Travelblather… the final nail in the coffin for professional travel writers?

A new cottage industry of amateur travel writers. How do pro writers feel about that?

Logo-beta Tomorrow (Thursday 18th June) a new travel content website launches. is a new travel website, backed by Simon Nixon, the founder of and

There's a hole in the market for quality travel content that works for people who are in the research phase of holiday booking and tour operators have been way too slow to fill it. Simon Nixon reckons he can fill that gap and has deep pockets too. Some say he's worth £295 million.

Similar in approach to, Simonseeks will offer writers who contribute to the site a share of advertising revenue. I was quite involved in thetraveleditor but decided to not participate in the end, feeling that the revenue share wasn't sufficient and that they really didn't know too much about SEO - which is pretty crucial.

I think this is where simonseeks could be different. I've contributed a few articles for the launch and they are using a formatted template that requires writers to add meta-data and makes them tag their features too. Unsurprisingly the team at simonseeks know a thing or two about how to make websites work. They've also signed up Nick Trend, who has a lot of travel writing and editing experience for the likes of Which?, The Telegraph and Conde Nast traveller, to be editor.

The press release talks about a 'new cottage industry' of travel writers working from home earning money by creating content and taking their share of the ad revenue - which as I understand it will be a fairly decent 50%. I've just discovered from Fiona Reece who is doing PR for the launch (and sent me the press release) that 300 writers have contributed 1000 articles already.

Part of me hopes they are successful and that maybe I get to share in that success... but there's concern too. I don't like the idea of being part of a 'cottage industry'. I have a writer profile on the site which has a mark on it saying 'Travel Professional' but the strap line for the site is Travel Guides for you, by you. That for me speaks volumes. Professional travel journalism as those of us in the profession know it is pretty much finished now. Here's some more detail from the 'about' page.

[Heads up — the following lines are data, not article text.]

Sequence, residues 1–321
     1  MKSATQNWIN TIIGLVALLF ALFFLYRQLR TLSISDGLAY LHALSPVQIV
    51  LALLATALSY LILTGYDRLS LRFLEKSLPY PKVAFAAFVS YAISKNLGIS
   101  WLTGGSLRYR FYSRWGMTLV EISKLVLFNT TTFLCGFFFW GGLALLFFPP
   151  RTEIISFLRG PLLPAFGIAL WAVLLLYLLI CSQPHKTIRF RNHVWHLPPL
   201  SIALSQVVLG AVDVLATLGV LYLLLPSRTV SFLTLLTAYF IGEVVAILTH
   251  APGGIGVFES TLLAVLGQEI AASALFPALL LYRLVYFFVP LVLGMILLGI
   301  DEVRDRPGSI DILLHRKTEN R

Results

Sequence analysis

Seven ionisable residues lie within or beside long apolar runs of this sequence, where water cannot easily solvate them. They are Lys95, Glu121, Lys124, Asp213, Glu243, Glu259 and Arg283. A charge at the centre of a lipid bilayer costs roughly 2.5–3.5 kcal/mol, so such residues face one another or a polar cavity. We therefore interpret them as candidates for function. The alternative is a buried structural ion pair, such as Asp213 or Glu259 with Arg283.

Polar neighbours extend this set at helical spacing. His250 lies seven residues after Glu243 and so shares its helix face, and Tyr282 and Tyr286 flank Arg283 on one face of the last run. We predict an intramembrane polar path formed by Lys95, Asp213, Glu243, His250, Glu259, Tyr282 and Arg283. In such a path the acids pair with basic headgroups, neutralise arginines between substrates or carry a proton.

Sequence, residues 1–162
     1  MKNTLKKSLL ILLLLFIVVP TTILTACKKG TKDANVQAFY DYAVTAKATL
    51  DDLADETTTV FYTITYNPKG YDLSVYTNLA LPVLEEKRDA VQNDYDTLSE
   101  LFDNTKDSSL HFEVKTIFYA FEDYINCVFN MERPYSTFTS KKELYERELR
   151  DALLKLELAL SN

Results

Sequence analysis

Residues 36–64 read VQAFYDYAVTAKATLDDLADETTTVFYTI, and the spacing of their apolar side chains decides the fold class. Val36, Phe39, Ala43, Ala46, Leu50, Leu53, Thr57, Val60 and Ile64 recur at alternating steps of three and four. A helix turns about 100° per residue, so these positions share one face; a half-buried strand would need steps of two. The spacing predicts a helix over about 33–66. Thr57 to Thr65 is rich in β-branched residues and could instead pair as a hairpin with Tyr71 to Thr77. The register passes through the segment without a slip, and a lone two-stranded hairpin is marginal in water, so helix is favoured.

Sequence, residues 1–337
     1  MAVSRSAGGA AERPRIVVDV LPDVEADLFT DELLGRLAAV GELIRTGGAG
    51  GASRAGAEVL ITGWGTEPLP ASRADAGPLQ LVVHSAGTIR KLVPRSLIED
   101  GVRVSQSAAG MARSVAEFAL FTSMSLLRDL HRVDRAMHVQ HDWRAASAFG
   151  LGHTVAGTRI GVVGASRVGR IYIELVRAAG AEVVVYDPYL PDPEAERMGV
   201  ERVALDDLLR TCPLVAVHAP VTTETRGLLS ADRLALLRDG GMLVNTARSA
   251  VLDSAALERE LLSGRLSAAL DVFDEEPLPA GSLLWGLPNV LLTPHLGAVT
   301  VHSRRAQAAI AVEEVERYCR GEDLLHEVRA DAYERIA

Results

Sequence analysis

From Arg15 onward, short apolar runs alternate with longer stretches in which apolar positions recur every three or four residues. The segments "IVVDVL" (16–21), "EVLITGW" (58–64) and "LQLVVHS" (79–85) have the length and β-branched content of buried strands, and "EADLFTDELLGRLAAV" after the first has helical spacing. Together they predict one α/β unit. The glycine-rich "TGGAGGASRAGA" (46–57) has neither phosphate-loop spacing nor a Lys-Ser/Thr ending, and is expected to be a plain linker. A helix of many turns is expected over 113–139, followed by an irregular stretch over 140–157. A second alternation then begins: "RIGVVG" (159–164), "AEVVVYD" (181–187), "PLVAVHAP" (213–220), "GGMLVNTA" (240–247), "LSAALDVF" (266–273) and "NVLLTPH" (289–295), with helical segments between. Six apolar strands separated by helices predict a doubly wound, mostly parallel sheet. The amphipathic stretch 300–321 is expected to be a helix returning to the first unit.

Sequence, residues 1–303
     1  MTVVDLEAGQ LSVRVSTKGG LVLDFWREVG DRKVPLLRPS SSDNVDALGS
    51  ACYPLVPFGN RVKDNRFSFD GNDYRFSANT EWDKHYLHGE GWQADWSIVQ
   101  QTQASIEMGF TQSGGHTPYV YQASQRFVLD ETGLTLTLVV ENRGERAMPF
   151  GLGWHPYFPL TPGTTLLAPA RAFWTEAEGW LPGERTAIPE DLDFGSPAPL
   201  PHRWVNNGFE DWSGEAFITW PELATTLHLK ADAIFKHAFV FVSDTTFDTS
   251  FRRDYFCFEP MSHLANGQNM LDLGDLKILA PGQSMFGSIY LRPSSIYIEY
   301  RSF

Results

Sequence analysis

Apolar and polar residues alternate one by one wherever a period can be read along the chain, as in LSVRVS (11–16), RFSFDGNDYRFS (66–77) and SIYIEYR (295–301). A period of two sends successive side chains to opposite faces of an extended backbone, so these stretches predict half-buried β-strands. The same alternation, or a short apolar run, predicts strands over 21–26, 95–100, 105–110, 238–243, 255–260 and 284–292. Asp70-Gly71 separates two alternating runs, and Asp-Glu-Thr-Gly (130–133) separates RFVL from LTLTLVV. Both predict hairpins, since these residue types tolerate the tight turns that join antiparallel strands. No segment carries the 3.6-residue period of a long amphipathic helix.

Anyone can do it, and make money out of it. You write your own
articles, or guides, post them up on the site, and we will do the rest.
Although we will always check that any guides submitted are up to our
high standards of accuracy before we publish them, the site is open to
all - whether you are a professional journalist, an expert in a
particular field of travel, a student, publisher, or simply someone who
loves travelling and wants to share your experiences with others.

Let's face it, I'm a bit of a snob. I don't know that I want my writing alongside that of wannabetravelwriterbackpacker or whoever. This is the market at its most aggressive and brutal and its scary. I know a thing or two about SEO so maybe I can manipulate features that I contribute to be more visible and hence attract more ad revenue? But there's a limit to the number of features they'll need on Seville for example - I wrote a guidebook to the city so I know it well - but there are 10 features on the site already about Seville that are written by other people.

I wonder too if there's a finite number of features that you can have about a place before there are just too many? Will there come a point where there are too many features about Seville and the mass of information becomes a bit overwhelming?

One thing that I'm not so sure about is the fact that along with all the other UGC sites like TripAdvisor etc there's no attempt at niche here. The intention is to cover the complete universe of travel opportunities. How doable is that? I'd love to know how many days a week Nick Trend is working on the project... it could be a 24 hour editing job. I'd also love to know more about his web experience... I don't know if he has that much of it... I can't find a personal website or a blog for him. But does that matter? (Maybe not.)

So.. do I throw my lot in with them and hope that my years of experience will mean I become one of their most read and valuable travel writers or do I create a small niche site of my own about stuff I'm a real expert on and try and build something myself... and keep all the ad revenue for myself too? I don't know that much yet about monetization, but if Simonseeks has thousands and thousands of pages the value of the ads on each page will be very small I'd imagine, so to make it work it will be a volume game.

What would you do?

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